Medicinal Soups

The Soup Pot – The Secret to Health and Longevity

I believe that we would be healthier and that the rates of degenerative disease would decline if we all made more soup!

Our wise mothers and grandmothers knew the medicinal value of soup.  Chicken soup has long been a popular remedy for colds and flu.  When I was sick as a child, I felt comforted and nurtured when served a warm bowl of soup prepared lovingly by my mother.  Love heals, so do good quality foods and herbs.  Medicinal soups are one of the best ways to capture this potential to heal and nurture ourselves and our families.

Could something as simple as a pot of soup really hold the secret to health and longevity? 

Let’s examine the recipe . . .

Essential to soup. The action of water, breaking down the other ingredients, makes soups especially medicinal in that they become easily digested and utilized by the body. It breaks the ingredients down by softening the cell walls and circulating through them, extracting all of the vitamins, minerals and other nutrients.  The water content of soup is also important for hydrating our bodies. 

Vegetables, grains, noodles, beans, tofu, meat, fish – the substance of soup.  Anything and everything goes into the pot – that’s the great thing about soup.    Some of my best soups are made at the end of the week from leftovers, and veggies buried in the back of the crisper. 

Chicken soup isn’t what it used to be.  Unfortunately most chicken, and other food animals (and fish), are raised in factories, under unhealthy and inhumane conditions which warrant the need for antibiotics and other drugs to manage the problems.  This is what we ingest when we eat commercial flesh foods.  Plant foods, sprayed with chemicals and grown in poor and deficient soil, are no better. These are not ingredients that I want in my soup.  Fortunately, access to quality foods is growing; farmer’s markets, healthfood stores, and even supermarkets now offer us more choice.  You can purchase free range, organic meats at the Halifax Farmer’s Markets, Local Source, Organic Earth Market, GetAway Farms and others

Air or Spirit
I consider the flavour to be the soul of the soup.  Seasonings add flavour and help to draw out the flavour of the other base ingredients.  The art of soup making is in the combinations, simple or complex, its all good.  Some of my favourite seasonings include miso, seaweeds, nut butters, herbs, and spices.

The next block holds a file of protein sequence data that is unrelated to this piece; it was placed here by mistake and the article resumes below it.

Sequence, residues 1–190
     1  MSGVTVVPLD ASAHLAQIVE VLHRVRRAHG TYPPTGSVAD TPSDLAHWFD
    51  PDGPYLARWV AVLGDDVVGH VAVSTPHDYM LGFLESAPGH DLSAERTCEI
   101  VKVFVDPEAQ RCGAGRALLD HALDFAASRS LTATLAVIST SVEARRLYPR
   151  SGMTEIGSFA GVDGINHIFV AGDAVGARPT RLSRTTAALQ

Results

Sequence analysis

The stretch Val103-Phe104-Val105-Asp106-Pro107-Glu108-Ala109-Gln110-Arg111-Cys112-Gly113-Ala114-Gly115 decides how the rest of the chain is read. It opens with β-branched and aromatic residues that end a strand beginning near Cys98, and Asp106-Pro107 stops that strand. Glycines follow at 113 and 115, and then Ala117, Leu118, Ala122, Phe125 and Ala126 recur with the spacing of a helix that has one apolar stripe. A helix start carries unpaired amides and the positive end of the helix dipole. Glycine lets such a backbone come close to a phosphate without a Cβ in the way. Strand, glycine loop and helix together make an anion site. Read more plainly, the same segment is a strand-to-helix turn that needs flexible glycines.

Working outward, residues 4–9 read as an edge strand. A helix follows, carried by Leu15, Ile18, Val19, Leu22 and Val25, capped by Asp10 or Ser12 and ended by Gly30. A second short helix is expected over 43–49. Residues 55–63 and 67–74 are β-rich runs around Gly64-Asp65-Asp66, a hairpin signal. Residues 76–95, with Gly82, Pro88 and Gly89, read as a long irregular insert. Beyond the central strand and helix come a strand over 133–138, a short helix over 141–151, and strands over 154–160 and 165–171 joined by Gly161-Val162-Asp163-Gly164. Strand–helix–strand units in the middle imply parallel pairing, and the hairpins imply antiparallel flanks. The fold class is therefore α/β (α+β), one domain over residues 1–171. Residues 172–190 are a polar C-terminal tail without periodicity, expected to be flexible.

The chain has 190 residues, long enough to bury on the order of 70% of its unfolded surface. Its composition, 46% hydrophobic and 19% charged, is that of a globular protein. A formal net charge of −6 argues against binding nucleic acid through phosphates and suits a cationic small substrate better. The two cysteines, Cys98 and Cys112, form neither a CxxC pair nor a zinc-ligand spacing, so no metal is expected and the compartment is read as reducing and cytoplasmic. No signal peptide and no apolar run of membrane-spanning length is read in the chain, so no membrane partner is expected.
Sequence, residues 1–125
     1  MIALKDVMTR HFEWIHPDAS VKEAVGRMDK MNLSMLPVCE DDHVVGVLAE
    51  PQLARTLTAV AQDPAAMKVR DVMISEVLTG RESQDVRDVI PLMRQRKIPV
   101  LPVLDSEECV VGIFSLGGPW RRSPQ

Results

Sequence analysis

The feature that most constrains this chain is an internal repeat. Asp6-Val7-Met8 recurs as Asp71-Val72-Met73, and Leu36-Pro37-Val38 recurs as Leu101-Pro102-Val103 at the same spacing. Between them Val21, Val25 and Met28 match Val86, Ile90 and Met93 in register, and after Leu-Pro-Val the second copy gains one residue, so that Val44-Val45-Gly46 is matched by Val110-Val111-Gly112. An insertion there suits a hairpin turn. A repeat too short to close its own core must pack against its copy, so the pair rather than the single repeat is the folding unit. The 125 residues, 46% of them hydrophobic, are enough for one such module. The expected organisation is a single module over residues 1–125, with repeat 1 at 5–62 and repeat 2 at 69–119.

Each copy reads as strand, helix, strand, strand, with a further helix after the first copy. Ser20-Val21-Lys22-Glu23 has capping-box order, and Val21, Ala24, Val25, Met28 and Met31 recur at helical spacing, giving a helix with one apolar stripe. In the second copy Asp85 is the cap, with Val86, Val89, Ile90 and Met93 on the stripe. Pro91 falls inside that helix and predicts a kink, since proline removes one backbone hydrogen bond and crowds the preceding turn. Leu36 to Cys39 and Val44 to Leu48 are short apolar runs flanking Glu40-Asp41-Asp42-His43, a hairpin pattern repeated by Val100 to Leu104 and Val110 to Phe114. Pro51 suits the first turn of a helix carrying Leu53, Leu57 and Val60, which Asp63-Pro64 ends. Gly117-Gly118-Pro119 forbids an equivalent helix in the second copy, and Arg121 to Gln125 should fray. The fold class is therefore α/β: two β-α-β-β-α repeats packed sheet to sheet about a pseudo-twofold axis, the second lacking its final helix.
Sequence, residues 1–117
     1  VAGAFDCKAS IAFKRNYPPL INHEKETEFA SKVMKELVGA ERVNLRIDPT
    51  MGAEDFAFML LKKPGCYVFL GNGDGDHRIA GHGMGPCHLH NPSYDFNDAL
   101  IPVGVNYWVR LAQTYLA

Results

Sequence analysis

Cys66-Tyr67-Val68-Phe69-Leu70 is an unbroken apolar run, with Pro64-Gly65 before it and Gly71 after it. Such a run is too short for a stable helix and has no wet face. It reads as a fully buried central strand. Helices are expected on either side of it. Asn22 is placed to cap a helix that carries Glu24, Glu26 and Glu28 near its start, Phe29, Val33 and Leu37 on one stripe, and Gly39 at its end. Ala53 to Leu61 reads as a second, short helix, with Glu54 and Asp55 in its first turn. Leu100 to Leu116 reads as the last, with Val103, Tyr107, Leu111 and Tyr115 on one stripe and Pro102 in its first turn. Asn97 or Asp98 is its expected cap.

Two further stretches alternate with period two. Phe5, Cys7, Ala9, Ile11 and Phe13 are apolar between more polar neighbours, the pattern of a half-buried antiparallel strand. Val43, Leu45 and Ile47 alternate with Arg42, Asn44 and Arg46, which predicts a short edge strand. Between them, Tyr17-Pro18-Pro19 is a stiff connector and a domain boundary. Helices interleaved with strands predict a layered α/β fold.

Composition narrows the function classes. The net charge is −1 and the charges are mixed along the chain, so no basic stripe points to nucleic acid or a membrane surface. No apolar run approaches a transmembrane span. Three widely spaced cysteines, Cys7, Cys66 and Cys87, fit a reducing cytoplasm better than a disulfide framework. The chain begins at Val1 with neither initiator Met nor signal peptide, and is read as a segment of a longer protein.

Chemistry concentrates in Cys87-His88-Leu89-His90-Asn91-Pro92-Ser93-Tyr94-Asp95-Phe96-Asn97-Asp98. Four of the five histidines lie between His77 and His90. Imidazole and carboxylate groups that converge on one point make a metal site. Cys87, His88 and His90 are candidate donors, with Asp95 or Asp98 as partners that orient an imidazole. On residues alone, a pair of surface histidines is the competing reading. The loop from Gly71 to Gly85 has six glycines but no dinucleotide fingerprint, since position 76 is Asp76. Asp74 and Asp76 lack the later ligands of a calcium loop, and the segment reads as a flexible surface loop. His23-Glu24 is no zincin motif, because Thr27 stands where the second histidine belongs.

Herbs offer additional nutrition and medicinal properties to soups.  I use dry herbs, seaweeds and medicinal mushrooms to make potent stock for my soups.  I especially like the mineral rich root herbs such as dandelion, burdock, astragulus, wild yam, ginger, and ginseng.  The Chinese have mastered the art of medicinal soups; these and other herbs are common ingredients in their soup pots.

Garnishes are fun.  Decorate your bowl and add texture with things such as homemade croutons, scallions, cheese, toasted nuts or seeds, toasted seaweeds, sprouts, and fresh herbs.

Heat draws out flavour and nutrients.  A hot bowl of soup, especially in winter, is comfort food at its best.  Hot soup can help to banish sickness and increase vitality. I translate fire as passion.  Passion fuels creation.  Taking the time to be in the kitchen, to slow down and focus on preparing a hearty meal such as soup, is an expression of passion.  Any good cook will agree.  I speak from experience, and I am sure you would agree, that food tastes better when it is prepared with love, passion and intention. 

Energy and $$$
When you consider the fact that soup is a nutrient dense, easily digested, source of energy, and that it costs less than $10 to make a 10 serving pot of soup, how can you afford not to make it a staple in your diet.  Make it a weekly ritual.

Immune Power Soup
5 dried chopped or/ 10 fresh, chopped shiitakes
6 tblsp. astragulus root
2 tsp. seaweed powder, flakes or pieces
1 carrot, chopped
1 onion, chopped
1 cup broccoli chopped
4 tblsp. miso paste

Boil the astragulus and shiitakes for 15 minutes in 5 cups water.  Strain the liquid, adding the mushrooms back to the pot.  Add the vegetables and seaweed and simmer until tender.  Remove  ¼ cup of the broth and stir until the miso dissolves.  Turn off the heat and add the miso to the pot.  Do not boil the miso.  You can substitute or add any vegetables you like.

Eat 2 bowls weekly to boost immune function and prevent infection.

Barley and burdock stew
(Healing with Whole Foods – Paul Pitchford)
1 cup barley, soaked
½ onion, diced
½ cup carrot, diced
¼ cup burdock root, sliced
5 shiitake mushrooms, sliced
1 teaspoon sesame oil
3 cups water
¼ teaspoon salt

  1. Sautee vegetables
  2. Dry-toast barley
  3. Place barley and vegetables in a pot with water and salt. Cover and bring to a boil.
  4. Reduce heat to low and simmer for 40 minutes.  Serves four.

Herbs to Keep You Warm in Winter

Herbs of Fire

Naturally, when it is cold we effort to keep warm.  Some tolerate the cold better than others, just like some thrive in the summer heat while others wilt – it depends on ones constitution.

As a Nova Scotia resident you likely have well established rituals and habits for keeping warm during our cold winter season, like staying indoors more, cooked foods, wool, whisky, and fires.  My best winter survival techniques are soups, teas, and baths, and they all involve herbs.